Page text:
And now for the giant pay at Citadel in London

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Citadel pay London

It's the equivalent of earnings season for London's unlisted hedge funds and boutique M&A firms. Yesterday we had news of Balyasny Asset Management's generosity in London. Today we have similar tidings from Citadel, the hedge fund and trading group run by U.S. investor Ken Griffin. 

Citadel's UK operations include Citadel Enterprise Europe (formerly known as Citadel Investment Group Europe), and Citadel Securities Europe. Citadel Enterprise Europe is all about investment management activities (ie. is a hedge fund). Citadel Securities Europe is all about the, 'technology-enabled liquidity division in equities and financial derivatives across various European exchanges and market-making in centrally cleared interest rate swaps.' In other words, it's a high frequency trading operation which both makes markets for clients and trades on its own accounts.

Both parts of Citadel probably pay well, but the generosity at Citadel Enterprise Group is quantifiable. In 2017, Citadel Enterprise Group employed 240 people and paid them a total of £130m excluding employer's national insurance. That's an average of £542k ($712k) per head.  At Citadel Securities Europe around £48m was spent on staff costs last year, but because staff were seconded across from Citadel Enterprise Group, it's impossible to discern how many were employed and therefore how the £48m in allocated pay was distributed.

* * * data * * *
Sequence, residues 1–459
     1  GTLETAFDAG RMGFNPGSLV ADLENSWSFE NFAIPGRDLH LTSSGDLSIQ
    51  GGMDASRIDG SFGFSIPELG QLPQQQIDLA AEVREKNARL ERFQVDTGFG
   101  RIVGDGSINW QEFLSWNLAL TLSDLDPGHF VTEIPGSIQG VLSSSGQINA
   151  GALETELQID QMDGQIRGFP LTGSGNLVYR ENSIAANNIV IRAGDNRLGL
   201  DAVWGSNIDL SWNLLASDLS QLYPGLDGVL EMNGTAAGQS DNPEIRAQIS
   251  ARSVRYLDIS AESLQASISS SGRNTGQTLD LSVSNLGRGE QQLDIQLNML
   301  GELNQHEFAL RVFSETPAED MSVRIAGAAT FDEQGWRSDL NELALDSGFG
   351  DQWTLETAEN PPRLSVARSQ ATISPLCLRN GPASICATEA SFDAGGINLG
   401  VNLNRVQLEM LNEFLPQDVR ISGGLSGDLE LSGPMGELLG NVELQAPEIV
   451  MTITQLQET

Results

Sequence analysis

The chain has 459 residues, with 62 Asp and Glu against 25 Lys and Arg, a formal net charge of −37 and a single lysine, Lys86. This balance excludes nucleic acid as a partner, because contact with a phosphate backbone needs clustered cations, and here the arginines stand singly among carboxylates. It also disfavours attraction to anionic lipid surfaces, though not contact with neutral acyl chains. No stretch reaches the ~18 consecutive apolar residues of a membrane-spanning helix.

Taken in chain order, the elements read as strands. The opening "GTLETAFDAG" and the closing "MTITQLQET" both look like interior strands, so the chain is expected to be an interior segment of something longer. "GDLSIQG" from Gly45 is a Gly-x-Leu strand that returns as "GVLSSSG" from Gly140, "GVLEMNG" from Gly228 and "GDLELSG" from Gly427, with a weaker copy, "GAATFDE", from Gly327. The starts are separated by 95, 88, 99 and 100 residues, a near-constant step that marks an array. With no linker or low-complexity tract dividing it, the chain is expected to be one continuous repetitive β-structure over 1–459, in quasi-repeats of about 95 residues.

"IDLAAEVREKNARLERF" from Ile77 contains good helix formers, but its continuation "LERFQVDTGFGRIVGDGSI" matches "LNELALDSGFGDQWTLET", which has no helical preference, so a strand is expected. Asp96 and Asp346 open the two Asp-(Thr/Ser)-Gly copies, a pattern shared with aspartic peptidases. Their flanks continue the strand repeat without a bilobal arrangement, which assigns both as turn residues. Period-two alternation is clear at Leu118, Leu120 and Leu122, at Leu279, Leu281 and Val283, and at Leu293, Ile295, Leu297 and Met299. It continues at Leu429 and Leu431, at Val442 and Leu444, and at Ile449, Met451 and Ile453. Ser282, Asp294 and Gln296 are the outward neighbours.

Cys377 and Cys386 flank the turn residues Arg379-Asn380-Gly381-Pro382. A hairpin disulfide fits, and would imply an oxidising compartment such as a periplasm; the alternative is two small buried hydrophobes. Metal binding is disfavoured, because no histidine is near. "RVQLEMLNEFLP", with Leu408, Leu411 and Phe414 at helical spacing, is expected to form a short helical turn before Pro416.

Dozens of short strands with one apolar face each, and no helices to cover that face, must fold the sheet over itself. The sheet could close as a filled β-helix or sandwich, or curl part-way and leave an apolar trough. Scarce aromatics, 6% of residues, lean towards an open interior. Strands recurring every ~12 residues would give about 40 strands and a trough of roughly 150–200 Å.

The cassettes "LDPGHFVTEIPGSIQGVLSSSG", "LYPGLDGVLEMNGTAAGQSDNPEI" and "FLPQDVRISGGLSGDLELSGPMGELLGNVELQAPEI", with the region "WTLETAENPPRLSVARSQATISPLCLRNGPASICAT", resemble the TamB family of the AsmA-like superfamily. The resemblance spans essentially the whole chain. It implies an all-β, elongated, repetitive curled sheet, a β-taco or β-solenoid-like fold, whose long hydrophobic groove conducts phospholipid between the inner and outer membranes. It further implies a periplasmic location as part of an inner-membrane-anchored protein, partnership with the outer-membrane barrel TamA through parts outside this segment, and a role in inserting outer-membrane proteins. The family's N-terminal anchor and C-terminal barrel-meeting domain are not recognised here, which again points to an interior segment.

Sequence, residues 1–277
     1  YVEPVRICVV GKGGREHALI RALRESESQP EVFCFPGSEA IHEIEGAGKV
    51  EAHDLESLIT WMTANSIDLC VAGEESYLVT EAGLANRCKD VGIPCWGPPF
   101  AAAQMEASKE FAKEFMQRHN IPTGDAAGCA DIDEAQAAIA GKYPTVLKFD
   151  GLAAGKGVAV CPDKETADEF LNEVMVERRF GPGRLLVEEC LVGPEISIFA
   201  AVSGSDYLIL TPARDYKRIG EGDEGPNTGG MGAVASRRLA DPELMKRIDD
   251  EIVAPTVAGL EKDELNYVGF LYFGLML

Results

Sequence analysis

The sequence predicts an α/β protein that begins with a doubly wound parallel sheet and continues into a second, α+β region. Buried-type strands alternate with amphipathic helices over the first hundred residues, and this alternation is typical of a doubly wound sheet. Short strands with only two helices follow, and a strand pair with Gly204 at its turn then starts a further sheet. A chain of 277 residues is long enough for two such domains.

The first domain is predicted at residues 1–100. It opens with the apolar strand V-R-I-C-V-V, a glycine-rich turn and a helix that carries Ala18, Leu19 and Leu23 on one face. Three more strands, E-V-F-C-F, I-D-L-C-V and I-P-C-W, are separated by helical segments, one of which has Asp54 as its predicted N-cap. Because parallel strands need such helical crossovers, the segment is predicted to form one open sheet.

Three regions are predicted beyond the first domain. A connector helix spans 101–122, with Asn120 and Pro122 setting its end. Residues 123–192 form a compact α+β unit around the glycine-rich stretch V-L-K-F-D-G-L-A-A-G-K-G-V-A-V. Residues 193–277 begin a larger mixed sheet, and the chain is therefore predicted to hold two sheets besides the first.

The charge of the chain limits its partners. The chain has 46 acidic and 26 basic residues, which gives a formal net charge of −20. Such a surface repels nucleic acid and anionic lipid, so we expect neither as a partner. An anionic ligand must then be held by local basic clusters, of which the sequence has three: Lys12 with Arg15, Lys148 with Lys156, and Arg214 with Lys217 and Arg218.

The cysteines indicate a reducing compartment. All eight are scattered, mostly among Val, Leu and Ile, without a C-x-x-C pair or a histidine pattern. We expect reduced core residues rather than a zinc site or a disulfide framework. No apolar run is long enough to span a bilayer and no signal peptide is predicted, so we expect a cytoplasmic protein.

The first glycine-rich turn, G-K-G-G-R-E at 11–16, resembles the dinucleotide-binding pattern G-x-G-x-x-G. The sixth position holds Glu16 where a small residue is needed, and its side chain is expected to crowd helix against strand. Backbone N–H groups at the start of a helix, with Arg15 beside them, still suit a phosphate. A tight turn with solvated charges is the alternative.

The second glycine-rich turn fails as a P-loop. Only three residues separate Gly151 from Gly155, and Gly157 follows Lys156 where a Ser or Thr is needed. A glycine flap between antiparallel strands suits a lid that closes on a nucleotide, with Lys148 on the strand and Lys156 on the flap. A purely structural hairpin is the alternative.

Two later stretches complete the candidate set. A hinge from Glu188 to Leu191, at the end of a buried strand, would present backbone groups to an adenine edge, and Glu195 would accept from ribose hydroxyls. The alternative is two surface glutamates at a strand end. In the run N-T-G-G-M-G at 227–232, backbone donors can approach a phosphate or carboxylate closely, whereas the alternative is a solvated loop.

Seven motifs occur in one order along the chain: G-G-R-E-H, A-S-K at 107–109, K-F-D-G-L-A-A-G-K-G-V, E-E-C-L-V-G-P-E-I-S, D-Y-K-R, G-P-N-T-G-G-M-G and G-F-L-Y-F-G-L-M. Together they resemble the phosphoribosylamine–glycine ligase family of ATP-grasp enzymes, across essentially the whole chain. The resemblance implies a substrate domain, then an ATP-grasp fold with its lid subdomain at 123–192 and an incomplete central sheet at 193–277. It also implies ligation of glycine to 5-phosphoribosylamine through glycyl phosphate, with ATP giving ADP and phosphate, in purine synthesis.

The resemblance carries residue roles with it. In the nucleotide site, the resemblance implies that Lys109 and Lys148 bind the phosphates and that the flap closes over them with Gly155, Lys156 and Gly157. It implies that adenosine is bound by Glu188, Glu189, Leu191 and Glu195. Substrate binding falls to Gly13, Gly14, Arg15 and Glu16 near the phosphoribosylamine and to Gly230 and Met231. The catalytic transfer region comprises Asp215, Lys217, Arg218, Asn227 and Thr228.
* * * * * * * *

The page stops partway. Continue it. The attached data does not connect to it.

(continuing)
Citadel's European operation has been hiring, and it's been particularly hiring technologists. Last year, Citadel Enterprise Group added 26 people to its IT and administrative staff in London, an increase of 30% on staff numbers in 2016. It also added 18 investment management staff, an increase of 16%. At the end of the year, Citadel Enterprise Europe employed 128 investment managers and 112 IT and support staff in London.

All that hiring helped erode the company's profit margin. In 2016, Citadel made £57m in profits on £155m in revenues. In 2017, Citadel made £59m in profits on £187 in revenues. Citadel Enterprise Group blamed its "investment" in headcount for the failure for increased revenues to feed through to the bottom line.

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